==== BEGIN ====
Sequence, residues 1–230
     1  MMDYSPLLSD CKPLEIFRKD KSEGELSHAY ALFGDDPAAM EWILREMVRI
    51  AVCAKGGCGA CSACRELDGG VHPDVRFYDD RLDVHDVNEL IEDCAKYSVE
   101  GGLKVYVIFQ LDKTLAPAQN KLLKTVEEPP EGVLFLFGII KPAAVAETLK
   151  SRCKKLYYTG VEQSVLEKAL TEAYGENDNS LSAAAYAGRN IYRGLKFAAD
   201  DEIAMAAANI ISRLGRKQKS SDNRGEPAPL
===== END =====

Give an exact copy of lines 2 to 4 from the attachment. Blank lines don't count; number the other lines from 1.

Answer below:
     1  MMDYSPLLSD CKPLEIFRKD KSEGELSHAY ALFGDDPAAM EWILREMVRI
    51  AVCAKGGCGA CSACRELDGG VHPDVRFYDD RLDVHDVNEL IEDCAKYSVE
   101  GGLKVYVIFQ LDKTLAPAQN KLLKTVEEPP EGVLFLFGII KPAAVAETLK